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September, 2003
Review: Carry on Gilbert & Sullivan
The cast of Gilbert & Sullivan
The cast of Carry on Gilbert & Sullivan
Simon Tavener, a Gilbert & Sullivan purist, approached 'Carry on Gilbert & Sullivan' with caution but was pleasantly surprised by Opera Anywhere's modern take on the musical geniuses work.


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Carry on Gilbert & Sullivan is playing at
The Old Fire Station Theatre on
Saturday September 13.

I have to admit to a certain passion for the works of Gilbert and Sullivan.

They were masters of their respective arts and have influenced the development of music theatre over the past 130 years.

The cast of Carry on Gilbert & Sullivan
The cast get fruity during Carry on Gilbert & Sullivan.

Thus it was with a certain trepidation that I approached this production by Opera Anywhere. Taking the unusual step of showing a series of auditions leading to a dress rehearsal of an unknown Gilbert and Sullivan opera.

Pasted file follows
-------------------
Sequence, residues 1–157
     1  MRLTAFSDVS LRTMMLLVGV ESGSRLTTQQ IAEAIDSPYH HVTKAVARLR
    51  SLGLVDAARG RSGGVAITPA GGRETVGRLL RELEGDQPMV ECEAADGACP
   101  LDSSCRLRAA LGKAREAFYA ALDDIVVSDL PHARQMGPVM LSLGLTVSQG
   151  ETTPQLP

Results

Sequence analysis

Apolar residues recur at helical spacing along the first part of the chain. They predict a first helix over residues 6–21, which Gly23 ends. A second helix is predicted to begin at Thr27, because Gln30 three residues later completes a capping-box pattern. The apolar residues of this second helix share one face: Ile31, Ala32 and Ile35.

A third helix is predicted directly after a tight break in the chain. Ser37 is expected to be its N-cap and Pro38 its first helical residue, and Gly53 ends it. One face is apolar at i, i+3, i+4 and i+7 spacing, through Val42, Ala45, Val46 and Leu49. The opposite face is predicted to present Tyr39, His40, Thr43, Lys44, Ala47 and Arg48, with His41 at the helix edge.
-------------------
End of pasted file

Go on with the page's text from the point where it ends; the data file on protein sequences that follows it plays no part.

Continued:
The performance was a welcome mixture of popular pieces from the Savoy Operas.

Clearly the performers were enjoying themselves throughout the evening. It was a chance to let their hair down and sing some great pieces of music.

However, at times, the plot was not so much thin as self-contradicting.

Luckily this did not seem to mar the audience's appreciation of the show.

There were a number of very strong voices in evidence. Julie Ketch (a veritable Hyacinth Bucket in the making) gave a sparkling rendition of 'Poor Wandering One'. I enjoyed the lyric tenor of David Naylor-Gray. Special mention must also be made of Valerie Watt who combined a strong stage presence with a commanding vocal performance.

At times the lyrics were altered to help fit the plot - often to great comic effect.

Regretfully this was not done consistently throughout the evening and certain numbers fell slightly flat as a result.

Credit must go to Peter Cowdrey who, as Musical Director, was a marvel on the keyboard. He kept the evening going with pace and wit.

By Simon Tavener

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